Picture a cowboy in the great American southwest. He’s riding his horse across the vast deserts of southern Utah. The hot sun is beating down on him and the dry dirt is crunching under the horse’s hooves. The crunch actually comes from a crusty layer of microorganisms known as a “biocrust” covering the desert floor. The very same biocrusts he rode across are still here today.
Biocrusts are a thin layer of semi-solid dirt that covers the surface of many desert landscapes. They are complex microbial communities of mosses, lichens, bacteria, and algae and can be hundreds of years old. Biocrusts act much like our skin, protecting our soft insides from harsher damage. Biocrusts strengthen the soil and protect it from erosion caused by wind and rain. They also store water for plants to use in times of drought.
Unfortunately, biocrusts are susceptible to cowboys and cows alike. Vast areas of biocrusts can be damaged by cattle grazing, vehicles, and human activity. When biocrusts are broken up, the surrounding areas become vulnerable to erosion. These areas can take decades and even centuries to recover.
Scientists hoped to aid the slow formation of biocrusts using a new technique. The goal of their experiment was to encourage new biocrust formation, stabilize the soil, and help native plants to sprout. They transplanted healthy biocrusts to areas where the original biocrust was damaged. The biocrust transplant acts much like a skin transplant onto a burned area.
In addition to outdoor plots, some of the salvaged biocrusts were also placed on soil in a greenhouse to study the effects in a controlled environment. Both areas were treated with seed mixes to compare the impacts of biocrusts on plant establishment. The outdoor experiment received only native plant seeds. The greenhouse experiment received both native and non-native seeds
After one season, 46% fewer greenhouse plants growing in soil with added biocrust were wilted compared to those growing in regular soil and about 28% fewer seeds germinated in the biocrust soil. After the second season of growing, there were 27% fewer non-native plants growing in the soil with added biocrust. In greenhouse plots with no biocrust, there were 91% more plants. There were also 20% more native plant species growing in soil with biocrust than plots without.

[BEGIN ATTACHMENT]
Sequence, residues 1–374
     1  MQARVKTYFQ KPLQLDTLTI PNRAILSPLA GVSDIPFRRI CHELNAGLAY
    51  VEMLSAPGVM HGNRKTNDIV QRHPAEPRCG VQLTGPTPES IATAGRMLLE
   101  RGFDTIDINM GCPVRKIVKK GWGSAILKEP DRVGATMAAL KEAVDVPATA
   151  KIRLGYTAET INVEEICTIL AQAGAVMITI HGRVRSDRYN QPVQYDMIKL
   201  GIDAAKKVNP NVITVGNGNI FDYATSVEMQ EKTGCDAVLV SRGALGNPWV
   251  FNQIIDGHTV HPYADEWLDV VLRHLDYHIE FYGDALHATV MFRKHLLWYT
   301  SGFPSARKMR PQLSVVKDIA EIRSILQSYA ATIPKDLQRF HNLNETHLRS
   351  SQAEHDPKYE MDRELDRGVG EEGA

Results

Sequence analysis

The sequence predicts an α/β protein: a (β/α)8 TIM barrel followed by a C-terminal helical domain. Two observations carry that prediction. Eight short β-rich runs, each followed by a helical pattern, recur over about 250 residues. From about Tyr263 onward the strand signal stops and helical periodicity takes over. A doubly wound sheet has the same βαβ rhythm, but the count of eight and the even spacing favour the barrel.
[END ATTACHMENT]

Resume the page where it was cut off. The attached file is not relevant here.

After monitoring the outdoor experiment for one year, plots with added biocrusts showed more soil stability than those without. In the outdoor experiment, the number of plants and species growing were not affected.
These results surprised the researchers. The biocrust additions seemed to hinder plant growth. They hypothesized that the strength of biocrusts prevented seeds from breaking through the crust and establishing roots. Perhaps plants that were able to break through the crust would have the benefit of increased drought tolerance. The researchers also found that the biggest influence on plant establishment was soil texture, regardless of whether or not biocrusts were added. Plants consistently grew the best in outdoor sandy soils, and were not affected by the biocrusts. This suggests that the success of biocrust transplants is highly dependent on the environment, and further research is necessary.
In summary, the addition of biocrusts increased the ability for plants to survive under less water but decreased the number of species that were able to grow. The addition of biocrusts did, however, increase the soil stability across the board. These results suggest that the addition of biocrust is most useful for minimizing erosion and drought resistance in areas with high disturbance.
This study was the first of its kind to simultaneously compare outdoor and greenhouse experiments for biocrust inoculation. These findings are a crucial step to learning the secrets of the biocrust. This knowledge will help protect these incredible structures and preserve historic landscapes like the ones cowboys rode across over 150 years ago.